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A bridge too far

Thottipalam: No architectural feat, but try the view from the middle, says SHALINI UMACHANDRAN

Pic by Shalini Umachandran

IT'S A long ride through green groves of rubber and banana that seem to stretch forever. Just when the scenery starts getting monotonous, there's a break and the gully that's been accompanying the road for the past few kilometres widens into a channel of sorts. The rain that's been pouring down on us for the last half-an-hour slows to a drizzle and we hop out of the car, borrow brightly speckled umbrellas from an obliging pineapple vendor and walk down to the beginning of the "hanging trough" that has the distinction (at least in all the literature we found on it) of being Asia's tallest as well as longest trough bridge.

Mathur Thottipalam is a blessed 70 km away from the muggy heat, grimy dust and crush of overwhelmingly jasmine-bedecked, coconut-oiled tourists of Kanyakumari. Tiny toads hop out of the way as we splash through puddles to take the long walk down the 115-foot high bridge. Completed in 1966, the bridge crosses the river Parazhiyar (I'm still trying to twist my tongue around the river's name) and the trough canal that runs alongside carries water for irrigation from one side of the hill to the other. The water feeds the taluks of Vilavancode and Kalkulam but the trough, which has a height and width of more than seven feet, is rather dry at the moment. The bridge is held up by 28 huge pillars, and though it's not a feat of architectural brilliance and beauty, the view from the middle is absolutely stunning. It's green for as far as the eye can see, a green that seems to melt into the shadowy mountains in the distance, with a light mist covering the rather blunt-looking peaks. There's a meandering river below, with children splashing each other gleefully and women spreading their washing out to dry.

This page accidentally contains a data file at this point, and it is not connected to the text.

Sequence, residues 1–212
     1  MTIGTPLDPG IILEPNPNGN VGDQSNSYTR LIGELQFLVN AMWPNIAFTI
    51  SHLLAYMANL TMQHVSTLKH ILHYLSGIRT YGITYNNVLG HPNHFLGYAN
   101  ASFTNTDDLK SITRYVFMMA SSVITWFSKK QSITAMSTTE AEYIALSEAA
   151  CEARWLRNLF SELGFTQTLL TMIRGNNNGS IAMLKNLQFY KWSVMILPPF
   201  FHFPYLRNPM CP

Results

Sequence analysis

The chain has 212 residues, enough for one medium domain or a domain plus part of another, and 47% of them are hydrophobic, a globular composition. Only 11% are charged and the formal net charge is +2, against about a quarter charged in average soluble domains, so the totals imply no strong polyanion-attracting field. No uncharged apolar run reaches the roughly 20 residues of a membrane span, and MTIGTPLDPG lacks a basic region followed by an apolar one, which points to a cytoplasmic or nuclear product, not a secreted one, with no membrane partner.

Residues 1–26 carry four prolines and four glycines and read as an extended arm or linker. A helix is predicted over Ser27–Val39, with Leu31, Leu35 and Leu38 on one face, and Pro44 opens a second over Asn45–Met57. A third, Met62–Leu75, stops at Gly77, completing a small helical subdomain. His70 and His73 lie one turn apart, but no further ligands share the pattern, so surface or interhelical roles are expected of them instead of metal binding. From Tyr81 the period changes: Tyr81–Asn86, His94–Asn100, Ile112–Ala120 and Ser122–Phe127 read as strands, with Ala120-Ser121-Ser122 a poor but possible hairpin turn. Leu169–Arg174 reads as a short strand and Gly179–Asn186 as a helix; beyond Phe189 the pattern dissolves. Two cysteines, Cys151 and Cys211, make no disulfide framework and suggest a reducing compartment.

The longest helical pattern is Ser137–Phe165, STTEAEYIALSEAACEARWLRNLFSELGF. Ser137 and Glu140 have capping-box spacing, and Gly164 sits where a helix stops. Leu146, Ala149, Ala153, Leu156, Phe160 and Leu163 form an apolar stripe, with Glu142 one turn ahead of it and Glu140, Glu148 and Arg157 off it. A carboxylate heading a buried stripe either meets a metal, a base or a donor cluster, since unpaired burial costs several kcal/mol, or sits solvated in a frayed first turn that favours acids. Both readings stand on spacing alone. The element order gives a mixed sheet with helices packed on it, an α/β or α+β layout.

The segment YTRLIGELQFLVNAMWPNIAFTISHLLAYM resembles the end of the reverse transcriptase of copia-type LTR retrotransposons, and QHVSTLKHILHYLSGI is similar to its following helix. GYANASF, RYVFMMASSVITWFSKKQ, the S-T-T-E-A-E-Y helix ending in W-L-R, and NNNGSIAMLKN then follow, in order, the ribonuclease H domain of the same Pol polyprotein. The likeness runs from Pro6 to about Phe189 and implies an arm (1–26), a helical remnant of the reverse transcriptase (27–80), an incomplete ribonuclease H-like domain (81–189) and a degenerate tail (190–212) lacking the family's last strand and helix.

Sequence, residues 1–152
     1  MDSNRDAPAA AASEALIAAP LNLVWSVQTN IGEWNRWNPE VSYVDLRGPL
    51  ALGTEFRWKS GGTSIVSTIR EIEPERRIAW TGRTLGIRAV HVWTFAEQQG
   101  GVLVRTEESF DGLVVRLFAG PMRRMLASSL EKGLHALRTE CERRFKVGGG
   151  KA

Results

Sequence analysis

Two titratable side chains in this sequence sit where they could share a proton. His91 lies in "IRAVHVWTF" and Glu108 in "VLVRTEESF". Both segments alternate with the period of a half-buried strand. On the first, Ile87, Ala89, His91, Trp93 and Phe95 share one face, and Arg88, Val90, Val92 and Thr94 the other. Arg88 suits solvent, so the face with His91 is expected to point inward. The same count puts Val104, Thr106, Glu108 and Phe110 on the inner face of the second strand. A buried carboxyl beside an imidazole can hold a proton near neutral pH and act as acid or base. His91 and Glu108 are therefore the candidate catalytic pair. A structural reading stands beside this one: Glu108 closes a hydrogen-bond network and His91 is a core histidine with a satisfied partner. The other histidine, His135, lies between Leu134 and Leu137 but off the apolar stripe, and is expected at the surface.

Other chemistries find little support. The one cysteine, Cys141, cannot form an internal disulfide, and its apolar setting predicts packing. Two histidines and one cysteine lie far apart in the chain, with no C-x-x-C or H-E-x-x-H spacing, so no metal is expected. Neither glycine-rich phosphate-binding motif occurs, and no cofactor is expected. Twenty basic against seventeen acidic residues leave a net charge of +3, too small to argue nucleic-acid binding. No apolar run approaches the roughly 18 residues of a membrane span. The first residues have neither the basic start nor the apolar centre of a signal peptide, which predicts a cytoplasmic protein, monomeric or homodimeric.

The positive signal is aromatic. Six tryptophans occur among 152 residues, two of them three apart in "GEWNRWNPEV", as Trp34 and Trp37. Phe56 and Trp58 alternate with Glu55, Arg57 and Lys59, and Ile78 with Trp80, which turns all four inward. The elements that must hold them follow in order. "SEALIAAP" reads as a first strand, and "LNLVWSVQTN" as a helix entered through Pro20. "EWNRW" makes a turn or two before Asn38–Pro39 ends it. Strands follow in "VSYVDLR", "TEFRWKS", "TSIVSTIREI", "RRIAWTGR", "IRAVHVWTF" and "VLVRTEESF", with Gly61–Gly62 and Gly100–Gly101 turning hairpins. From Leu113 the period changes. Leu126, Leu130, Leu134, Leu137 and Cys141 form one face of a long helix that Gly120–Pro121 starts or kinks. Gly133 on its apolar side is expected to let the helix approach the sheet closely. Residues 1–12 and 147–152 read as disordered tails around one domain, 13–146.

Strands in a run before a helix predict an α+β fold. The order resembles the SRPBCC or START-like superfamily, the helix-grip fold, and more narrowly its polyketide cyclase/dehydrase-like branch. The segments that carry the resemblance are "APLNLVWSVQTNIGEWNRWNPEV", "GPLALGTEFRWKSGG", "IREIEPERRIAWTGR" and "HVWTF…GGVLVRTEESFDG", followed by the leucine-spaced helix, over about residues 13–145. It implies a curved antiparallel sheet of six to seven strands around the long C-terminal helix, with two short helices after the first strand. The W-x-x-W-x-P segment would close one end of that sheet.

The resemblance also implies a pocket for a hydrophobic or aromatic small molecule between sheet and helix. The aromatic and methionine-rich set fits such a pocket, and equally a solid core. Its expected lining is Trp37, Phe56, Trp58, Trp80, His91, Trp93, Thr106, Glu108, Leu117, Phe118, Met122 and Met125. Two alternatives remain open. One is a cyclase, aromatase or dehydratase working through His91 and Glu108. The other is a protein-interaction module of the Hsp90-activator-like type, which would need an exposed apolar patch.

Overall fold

The bridge spans about three feet at its widest and cyclists race to and fro carrying loads from one village to the other — or at least pretending to. I think the real idea is to try and knock over as many hapless pedestrians as possible. Locals tell the story of a young man who set a record for carrying the heaviest load across that distance at the fastest speed — newslae flash pannanga, theriyatha? (Haven't you heard about it? It was on the news.) The details of this feat of skill and will are rather sketchy though. The newest development in the area is a staircase that leads from the top of the bridge to the township below and a couple of bathing platforms for the locals. There's a Perumal temple in nearby Thiruvattar, which is known for its murals and architecture.

It may not sound like the most exciting place to spend a day — a bridge over the river Parazhiyar would not really inspire intrepid travellers, but a sense of tranquillity fills the mind as you gaze out across the endless expanse of green and the cool breeze blows across your face. The green valleys and fragrance of freshly drenched grass stay with you long after you're back in the city.

How to get there:

Connected by regular buses from Kanyakumari or a two-hour cab ride covering the 70 km.

Where to stay:

TTDC, Kanyakumari
Hotel Seaview, Kanyakumari Hotel Samudra
Best time to visit:
June to October (when the monsoon hits Kerala, making the place greener and more scenic)

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